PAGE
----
Today, BBC News reported that September was the warmest on record globally, according to the weather service Copernicus. Professor David Mond, from the Warwick Mathematics Institute, provides an expert perspective:
"The rise of 0.05 degrees over September last year should be added to last year’s figures, which are themselves quite dramatic. The rate of increase over land and sea, and over northern and southern hemispheres, is different.
"September 2019 had the following increases over the twentieth century averages:
World: 0.95 degrees C
Northern hemisphere 1.24 degrees C
Northern hemisphere land 1.42 degrees C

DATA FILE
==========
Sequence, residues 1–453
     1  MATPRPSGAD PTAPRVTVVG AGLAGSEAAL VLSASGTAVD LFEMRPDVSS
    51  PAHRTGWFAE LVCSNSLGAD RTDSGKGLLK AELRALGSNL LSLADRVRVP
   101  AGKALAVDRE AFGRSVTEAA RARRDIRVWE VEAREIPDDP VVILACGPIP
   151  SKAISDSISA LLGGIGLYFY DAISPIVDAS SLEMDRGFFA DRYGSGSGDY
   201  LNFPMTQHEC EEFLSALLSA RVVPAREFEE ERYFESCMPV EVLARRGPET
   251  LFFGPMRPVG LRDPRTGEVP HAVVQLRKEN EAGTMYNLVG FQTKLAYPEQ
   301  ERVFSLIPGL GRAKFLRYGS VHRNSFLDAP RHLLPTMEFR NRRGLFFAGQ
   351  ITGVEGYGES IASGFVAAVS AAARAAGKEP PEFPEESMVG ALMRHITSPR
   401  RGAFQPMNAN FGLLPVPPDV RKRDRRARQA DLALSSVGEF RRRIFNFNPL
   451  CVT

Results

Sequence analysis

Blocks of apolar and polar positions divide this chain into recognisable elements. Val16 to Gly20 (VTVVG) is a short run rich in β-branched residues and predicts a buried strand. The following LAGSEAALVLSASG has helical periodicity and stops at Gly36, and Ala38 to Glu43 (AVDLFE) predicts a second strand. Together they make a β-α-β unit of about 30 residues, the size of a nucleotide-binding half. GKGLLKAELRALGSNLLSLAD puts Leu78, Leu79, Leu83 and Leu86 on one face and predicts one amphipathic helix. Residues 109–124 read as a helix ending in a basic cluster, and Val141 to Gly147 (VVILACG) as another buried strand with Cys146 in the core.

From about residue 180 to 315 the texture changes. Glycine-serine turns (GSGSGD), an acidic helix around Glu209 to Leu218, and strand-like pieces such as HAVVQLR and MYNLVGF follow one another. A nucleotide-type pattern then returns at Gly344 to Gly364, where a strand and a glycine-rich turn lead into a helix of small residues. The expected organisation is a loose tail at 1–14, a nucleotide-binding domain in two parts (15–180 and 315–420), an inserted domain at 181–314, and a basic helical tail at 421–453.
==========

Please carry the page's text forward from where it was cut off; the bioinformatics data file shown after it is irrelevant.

"Add 0.05 to each of them, and in northern hemisphere land we are nearly at the 1.5 degrees we hoped we would never breach. We’ve now had 43 consecutive Septembers, and 417 consecutive months, with temperatures above the 20th century average.
"The increases may not seem huge, but lead to a huge increase in the frequency of what were previously exceptional events: record-breaking forest fires in California, in the Amazon and in Siberia; rainfall in the French Alps so intense that it washes away roads, houses and even the bodies from cemeteries; so many Atlantic hurricanes that we ran out of names; rates of melting of the ice caps well above the predictions of the IPCC."
7 October 2020
For interviews, contact:
Luke Walton, International Press Manager
+44 (0) 7823 362 150